Except as we know, they don’t. Some 400 years later, God calls a man, Moses to bring Israel out of the slavery they were now in, in Egypt. And he does it, as we heard and enacted the other week, Moses leads the people across the red sea and towards the land promised to Abraham all those years before. Moses leads the people into the desert and God provides mightily for them, miraculously giving them food and water every day, building the people’s reliance on Him, building their trust. God gives them the law through Moses, and the people encounter God at the mountain, in the cloud and the thunder. God then calls them to go into the land promised to them. They stood there, on the edge of the land and sent spies in to see what it’s like. Moses sent in twelve men to spy out the land, two of whom were called Joshua and Caleb. When the twelve spies returned, ten of them were fearful of what they had seen. Two of them though, Joshua and Caleb called out to the people, telling them how the land was a good land, that God was with them and that they would drive out the people in the land but the people had rebelled and turned away from trusting God. So, God denied them from entering the land promised to them until the generation had passed away and they wandered in the desert for forty years until Moses died.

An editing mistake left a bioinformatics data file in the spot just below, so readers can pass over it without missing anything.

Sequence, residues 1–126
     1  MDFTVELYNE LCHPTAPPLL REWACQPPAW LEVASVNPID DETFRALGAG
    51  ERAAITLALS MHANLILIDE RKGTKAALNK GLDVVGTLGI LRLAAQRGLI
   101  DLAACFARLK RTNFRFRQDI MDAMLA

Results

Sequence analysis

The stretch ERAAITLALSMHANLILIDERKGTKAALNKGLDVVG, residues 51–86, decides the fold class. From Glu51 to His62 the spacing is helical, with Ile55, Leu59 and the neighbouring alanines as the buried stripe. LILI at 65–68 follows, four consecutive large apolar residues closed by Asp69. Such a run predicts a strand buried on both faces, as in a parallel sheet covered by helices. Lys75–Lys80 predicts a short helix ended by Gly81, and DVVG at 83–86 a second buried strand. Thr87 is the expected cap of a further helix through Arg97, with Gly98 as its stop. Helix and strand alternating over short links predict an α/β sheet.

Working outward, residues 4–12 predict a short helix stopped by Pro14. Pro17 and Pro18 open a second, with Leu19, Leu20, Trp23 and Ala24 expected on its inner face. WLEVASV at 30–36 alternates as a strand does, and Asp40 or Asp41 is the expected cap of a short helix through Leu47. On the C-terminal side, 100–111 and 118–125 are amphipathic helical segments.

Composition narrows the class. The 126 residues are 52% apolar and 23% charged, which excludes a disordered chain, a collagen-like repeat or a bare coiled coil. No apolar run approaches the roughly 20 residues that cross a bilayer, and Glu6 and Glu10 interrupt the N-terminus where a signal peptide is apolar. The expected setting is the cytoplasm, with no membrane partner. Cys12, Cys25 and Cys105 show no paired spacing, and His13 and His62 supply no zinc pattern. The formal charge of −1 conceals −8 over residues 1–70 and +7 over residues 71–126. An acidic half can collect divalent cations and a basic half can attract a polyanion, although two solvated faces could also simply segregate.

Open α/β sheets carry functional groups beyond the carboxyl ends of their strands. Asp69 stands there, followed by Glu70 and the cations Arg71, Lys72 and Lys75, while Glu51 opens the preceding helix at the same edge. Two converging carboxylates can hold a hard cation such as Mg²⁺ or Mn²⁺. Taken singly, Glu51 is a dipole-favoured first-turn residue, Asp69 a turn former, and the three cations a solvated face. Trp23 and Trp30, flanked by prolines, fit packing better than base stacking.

Joshua was appointed leader of the nation of Israel. Once the generation had died out and only Joshua and Caleb were left, God told Joshua to lead the people across the Jordan, where once again water was parted and they crossed over on dry ground. Finally, the nation of Israel set its feet on the promised land. And they had one mission. Go in, trusting in the Lord and drive out all the occupants, taking possession of all the land that was promised to them. Through ups and downs, learning to listen and be obedient to God they made good progress. They achieved some of what God had told them to do, but not all of it by the end of Joshua’s life. Remember, he was already an older man by the time they entered the land of Canaan, the promised land. So before he dies, he called together the leaders and we find ourselves in Joshua chapter 23 if you want to read along. He says to the leaders: